Dave Mustaine has a reputation for many things besides his extraordinary guitar playing.
He's a founding member of Metallica and one of the godfathers of what became known as thrash metal, yet he was fired from that band just before it broke big because of his drugging and drinking.
His volatile 25-year tenure as the leader of Megadeth has been marked by several classic metal albums and a revolving-door lineup. His long-running battle with drugs and drink led to rehab and eventually his conversion to Christianity. His outspokenness has embroiled him in public spats with his band and others, including Metallica and Pantera.
Now he lays out the whole story in his autobiography, Mustaine: A Heavy Metal Memoir (HarperCollins, $25.99), released as he tours with Megadeth and fellow thrash-metal icons Slayer and Testament — they'll be at Louisville's Broadbent Arena on Oct. 12.
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Mustaine had more to say when I caught up with him between tour dates:
Question: You've said that after writing your autobiography, you thought that finally you'd been understood. What were the biggest misunderstandings about you that you wanted to clear up?
Answer: The biggest misunderstanding is all of the stuff in the past, the disagreements with other bands, stuff that is so old. None of us care about it anymore. You can see what happened with the "Big 4" reunion (the Megadeth stadium shows in Europe this summer with '80s thrash-metal bands Metallica, Slayer and Anthrax) and all of us playing together. It was like there was some kind of enjoyment having disagreements, this feud among all of us. A lot of people have disagreements. But there we were on stage playing together and hugging at the end. How can this be a feud when you have proof right there on film? It will be released on DVD — the shot heard 'round the world. It shows you this whole terrible thing has been perpetuated by the press.
Q: Oh, c'mon, Dave. You can't deny that your relationship with those other bands has had its share of tension and competitiveness.
A: Like Lars (Ulrich of Metallica) says, there is the relationship we have and the relationship the press thinks we all have. And the proof is when we were all doing the jam on (Diamond Head's) Am I Evil, I was listening to how loud the crowd was, and it was as loud when we hugged each other as when we played the song. It gave me chills.
James (Hetfield of Metallica) and I being able to embrace on that world platform shows people that metal is a close-knit community. We don't leave our wounded behind. Kerry (King of Slayer) says to me, "I don't even know what I was mad about anymore."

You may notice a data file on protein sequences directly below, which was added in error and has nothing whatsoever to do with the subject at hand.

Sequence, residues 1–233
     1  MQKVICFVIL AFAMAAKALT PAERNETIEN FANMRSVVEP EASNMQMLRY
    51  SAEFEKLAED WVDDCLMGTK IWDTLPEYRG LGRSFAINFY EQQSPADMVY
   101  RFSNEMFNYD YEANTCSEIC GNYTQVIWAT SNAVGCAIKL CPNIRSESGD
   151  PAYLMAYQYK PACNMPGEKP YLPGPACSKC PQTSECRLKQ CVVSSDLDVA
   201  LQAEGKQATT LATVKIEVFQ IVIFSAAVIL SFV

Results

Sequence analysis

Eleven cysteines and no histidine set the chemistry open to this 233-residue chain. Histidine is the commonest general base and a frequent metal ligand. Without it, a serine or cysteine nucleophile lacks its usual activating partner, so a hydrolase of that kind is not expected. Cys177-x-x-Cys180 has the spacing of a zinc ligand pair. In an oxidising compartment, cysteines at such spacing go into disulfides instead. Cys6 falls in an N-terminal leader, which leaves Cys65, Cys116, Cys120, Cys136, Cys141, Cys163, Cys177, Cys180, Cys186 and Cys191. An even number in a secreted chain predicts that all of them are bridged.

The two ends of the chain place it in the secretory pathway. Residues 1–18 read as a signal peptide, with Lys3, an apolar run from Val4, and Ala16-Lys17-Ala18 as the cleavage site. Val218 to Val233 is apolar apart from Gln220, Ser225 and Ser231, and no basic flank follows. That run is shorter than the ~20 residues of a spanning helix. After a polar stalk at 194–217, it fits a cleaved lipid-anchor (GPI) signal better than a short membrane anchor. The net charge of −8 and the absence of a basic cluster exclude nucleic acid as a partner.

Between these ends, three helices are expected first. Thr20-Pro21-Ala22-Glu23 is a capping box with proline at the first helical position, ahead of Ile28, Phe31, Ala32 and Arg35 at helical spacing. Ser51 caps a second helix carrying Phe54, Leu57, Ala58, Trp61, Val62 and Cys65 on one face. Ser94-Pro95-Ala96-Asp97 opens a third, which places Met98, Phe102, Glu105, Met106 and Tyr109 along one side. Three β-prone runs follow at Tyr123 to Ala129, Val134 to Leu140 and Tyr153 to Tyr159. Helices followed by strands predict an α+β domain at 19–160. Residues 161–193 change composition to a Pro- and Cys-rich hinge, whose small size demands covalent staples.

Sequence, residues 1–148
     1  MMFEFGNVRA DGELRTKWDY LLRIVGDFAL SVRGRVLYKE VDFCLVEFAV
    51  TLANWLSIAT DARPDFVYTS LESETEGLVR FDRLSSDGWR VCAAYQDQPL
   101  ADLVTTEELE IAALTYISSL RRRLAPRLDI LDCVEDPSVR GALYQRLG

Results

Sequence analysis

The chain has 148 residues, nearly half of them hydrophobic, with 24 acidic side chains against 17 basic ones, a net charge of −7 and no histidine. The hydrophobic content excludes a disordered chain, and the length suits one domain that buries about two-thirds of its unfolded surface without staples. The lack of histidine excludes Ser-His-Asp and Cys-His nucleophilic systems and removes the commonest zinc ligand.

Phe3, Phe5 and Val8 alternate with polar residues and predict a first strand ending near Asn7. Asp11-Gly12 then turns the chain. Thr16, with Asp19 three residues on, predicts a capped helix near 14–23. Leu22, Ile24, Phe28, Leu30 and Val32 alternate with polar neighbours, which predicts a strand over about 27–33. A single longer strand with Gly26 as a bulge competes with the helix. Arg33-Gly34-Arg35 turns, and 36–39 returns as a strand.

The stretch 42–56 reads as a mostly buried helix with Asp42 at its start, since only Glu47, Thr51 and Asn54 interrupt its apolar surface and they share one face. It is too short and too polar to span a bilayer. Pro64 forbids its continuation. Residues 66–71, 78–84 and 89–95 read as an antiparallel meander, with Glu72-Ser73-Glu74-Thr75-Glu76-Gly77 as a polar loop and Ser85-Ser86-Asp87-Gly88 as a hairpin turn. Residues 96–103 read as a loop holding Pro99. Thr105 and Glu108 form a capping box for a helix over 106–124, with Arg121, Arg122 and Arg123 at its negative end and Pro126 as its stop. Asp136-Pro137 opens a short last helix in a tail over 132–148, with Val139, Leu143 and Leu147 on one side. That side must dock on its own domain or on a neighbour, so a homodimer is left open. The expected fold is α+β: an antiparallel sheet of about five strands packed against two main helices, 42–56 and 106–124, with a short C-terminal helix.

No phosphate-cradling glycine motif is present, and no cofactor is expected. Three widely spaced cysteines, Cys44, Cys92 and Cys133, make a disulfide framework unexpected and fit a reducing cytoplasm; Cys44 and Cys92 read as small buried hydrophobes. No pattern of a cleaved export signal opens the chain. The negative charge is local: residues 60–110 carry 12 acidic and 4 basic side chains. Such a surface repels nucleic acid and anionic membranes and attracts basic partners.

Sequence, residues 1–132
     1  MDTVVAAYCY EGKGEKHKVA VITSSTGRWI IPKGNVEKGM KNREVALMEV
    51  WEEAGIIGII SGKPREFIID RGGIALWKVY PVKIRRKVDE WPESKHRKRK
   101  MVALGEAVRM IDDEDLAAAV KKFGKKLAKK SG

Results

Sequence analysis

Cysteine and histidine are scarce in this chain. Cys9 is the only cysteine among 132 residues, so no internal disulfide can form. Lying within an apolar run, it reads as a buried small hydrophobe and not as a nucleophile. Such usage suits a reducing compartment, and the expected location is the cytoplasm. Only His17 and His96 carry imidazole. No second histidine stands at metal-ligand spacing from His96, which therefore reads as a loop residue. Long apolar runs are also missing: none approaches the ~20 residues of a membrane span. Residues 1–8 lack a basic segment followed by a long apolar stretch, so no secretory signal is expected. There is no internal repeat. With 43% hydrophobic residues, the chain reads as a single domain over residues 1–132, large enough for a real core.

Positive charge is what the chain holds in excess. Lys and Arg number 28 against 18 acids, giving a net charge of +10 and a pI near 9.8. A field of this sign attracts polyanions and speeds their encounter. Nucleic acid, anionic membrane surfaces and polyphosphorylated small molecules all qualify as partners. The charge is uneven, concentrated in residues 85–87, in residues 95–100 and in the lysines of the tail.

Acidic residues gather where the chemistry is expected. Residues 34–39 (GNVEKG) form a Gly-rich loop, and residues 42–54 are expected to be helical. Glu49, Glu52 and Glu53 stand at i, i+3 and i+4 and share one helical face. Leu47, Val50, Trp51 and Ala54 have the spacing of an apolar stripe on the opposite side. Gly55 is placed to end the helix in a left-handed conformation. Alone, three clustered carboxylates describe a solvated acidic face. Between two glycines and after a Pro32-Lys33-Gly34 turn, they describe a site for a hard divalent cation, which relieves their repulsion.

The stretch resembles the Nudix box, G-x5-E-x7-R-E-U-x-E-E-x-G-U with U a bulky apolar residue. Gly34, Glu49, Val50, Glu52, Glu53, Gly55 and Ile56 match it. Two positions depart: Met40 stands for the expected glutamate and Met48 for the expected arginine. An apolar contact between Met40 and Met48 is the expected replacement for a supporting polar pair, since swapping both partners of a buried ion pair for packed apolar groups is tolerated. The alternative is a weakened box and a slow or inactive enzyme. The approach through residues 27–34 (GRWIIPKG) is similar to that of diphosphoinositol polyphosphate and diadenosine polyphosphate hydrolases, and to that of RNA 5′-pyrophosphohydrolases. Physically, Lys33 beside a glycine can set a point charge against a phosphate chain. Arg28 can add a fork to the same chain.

What's important is that the four pillars of the metal community are all in a great relationship right now. It's a shame our politicians can't get along as well. In America there is always that good-luck story, and everyone wants to see the person win in the end. I've had a little redemption watching this whole thing come around full circle.
Q: Yet in the Metallica documentary (Some Kind of Monster in 2004), there is the scene where you and Lars talk and you come across like a guy who has never quite completely gotten over being fired from Metallica in 1983.
A: I think that's pretty accurate. I care about those things. I still do. I was drinking and drugging, but I never got any warning from Lars and James when they fired me. They just put me on a bus and sent me home.
The movie was something they were doing, and I didn't know what it was about. I'd been through enough therapy myself, so I didn't mind being put in that situation. All I wanted was some closure and to have a new relationship with those guys. We did so much damage to the relationship through drugs and alcohol. I still wanted to be friends with him. I knew sitting down and talking with that guy was going to address part of it. I just wanted closure with these guys so we could put the past behind us. We were kids when it all went down. But James wasn't there when Lars and I had our talk (in the movie).
James said to me at the Big 4 concert that he wished he had been there, and I was moved by that. I thought he was a gentleman; I was very proud of him. This is all so fantastic now. I am so exited about this new relationship I have with these guys.
Q: Is part of the reason for writing the book to give your take on Megadeth's legacy, its place in rock history?
A: I am not so concerned about my legacy. I know I see a lot of stuff written about me in the past, and it was painful. I'm just trying to live life as best I can and be helpful to people in the music industry.
I saw this tennis player with a really bad reputation when I was young, and I see him now and he still has that bad reputation. Is he tired of being that guy with the bad temper? I'm talking about John McEnroe. I don't want to be this guy known forever for something that happened when I was 20.